Hawzah News Agency – If we consider the history of this foundational epoch of Islam, and take into account the regional and global context at the death of the Prophet, the necessity of appointing someone to the position of Imam will be readily apparent. For, in the tumult following upon the Prophet’s death, Islam faced a three-fold threat: on the one side, there was the Byzantine Roman Empire, on another was the Sassanid Persian Empire, and, from within, there was the danger posed by the group known as the ‘Hypocrites’. As regards the first threat, suffice to note that the Prophet was concerned about it right up to his last days, mobilizing a large contingent of Muslims under the command of Usama b. Zayd, to confront the Romans, despite the protests of those who were opposed to such a move. As for the second threat, the Sassanid emperor was clearly
a malicious enemy who, having torn up the letter sent to him by the Prophet, himself wrote a letter to the governor of Yemen instructing him either to capture the Prophet or send to him his severed head. As for the third enemy, these persons had always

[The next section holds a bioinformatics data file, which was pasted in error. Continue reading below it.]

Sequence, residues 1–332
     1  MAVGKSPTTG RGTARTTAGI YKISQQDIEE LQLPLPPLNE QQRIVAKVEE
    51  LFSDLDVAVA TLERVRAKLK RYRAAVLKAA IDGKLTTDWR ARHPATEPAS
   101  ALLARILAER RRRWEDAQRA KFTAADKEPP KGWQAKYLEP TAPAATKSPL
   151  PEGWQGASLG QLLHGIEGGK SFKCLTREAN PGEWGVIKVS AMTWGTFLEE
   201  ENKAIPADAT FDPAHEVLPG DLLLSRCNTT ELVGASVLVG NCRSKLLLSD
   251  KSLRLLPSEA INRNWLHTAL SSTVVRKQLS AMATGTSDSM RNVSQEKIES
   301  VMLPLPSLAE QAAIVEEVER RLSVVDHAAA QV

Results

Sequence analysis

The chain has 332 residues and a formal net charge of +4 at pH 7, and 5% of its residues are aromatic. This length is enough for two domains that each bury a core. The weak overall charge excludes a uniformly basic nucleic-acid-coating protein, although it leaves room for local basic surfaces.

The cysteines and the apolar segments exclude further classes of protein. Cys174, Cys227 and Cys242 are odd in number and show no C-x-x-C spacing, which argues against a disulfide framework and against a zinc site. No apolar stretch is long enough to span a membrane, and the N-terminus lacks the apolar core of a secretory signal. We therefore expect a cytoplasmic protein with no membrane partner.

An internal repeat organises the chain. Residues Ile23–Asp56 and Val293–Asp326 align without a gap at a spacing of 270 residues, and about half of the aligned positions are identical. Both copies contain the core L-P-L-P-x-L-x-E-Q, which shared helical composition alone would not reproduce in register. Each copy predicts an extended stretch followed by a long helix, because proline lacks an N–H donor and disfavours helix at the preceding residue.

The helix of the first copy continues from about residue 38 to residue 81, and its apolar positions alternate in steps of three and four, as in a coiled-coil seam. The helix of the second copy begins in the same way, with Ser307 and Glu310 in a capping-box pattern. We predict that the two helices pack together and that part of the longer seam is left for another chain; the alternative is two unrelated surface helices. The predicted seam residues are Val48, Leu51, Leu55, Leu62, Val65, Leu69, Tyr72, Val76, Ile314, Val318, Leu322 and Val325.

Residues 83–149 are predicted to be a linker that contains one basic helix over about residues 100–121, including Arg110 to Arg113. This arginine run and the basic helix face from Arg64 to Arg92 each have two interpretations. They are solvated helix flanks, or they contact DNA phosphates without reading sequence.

been causing trouble for the Prophet, in Medina and elsewhere, their various plots being so many thorns in his side; their machinations and schemes are mentioned in various places in the Qur’an; indeed, an entire Sura—one in which their evil thoughts and actions are commented upon—is named after them.
Now it might be asked: in the face of this triple danger, with enemies ready to ambush the Muslims from all sides, would the Holy Prophet have left the religion of Islam and the Muslim community without a leader, leaving the Muslims without any clear guidance?
This should also be considered: there is no doubt that the Prophet understood that the life of the Arabs was dominated by tribal loyalty, with members of a tribe seeing their own lives as bound up with that of their chief. Thus, leaving the task of appointing a leader to such tribesmen could only lead to factional disputes and inter-tribal rivalry, allowing the enemies of Islam to take advantage of the divisions opened up in the ranks of the Muslims. It is on this basis, precisely, that Ibn Sina writes: ‘The appointment of a successor by means of explicit designation (nass) by the Prophet is closer to the truth [of the question of the caliphate], for by such designation, every kind of dispute and opposition is uprooted.
Ayatollah Jafar Sobhani, Doctrines of Shii Islam, A Compendium of Imami Beliefs and Practices, Translated and Edited by Reza Shah-Kazemi, published by I.B.Tauris Publishers, london • new york 2003.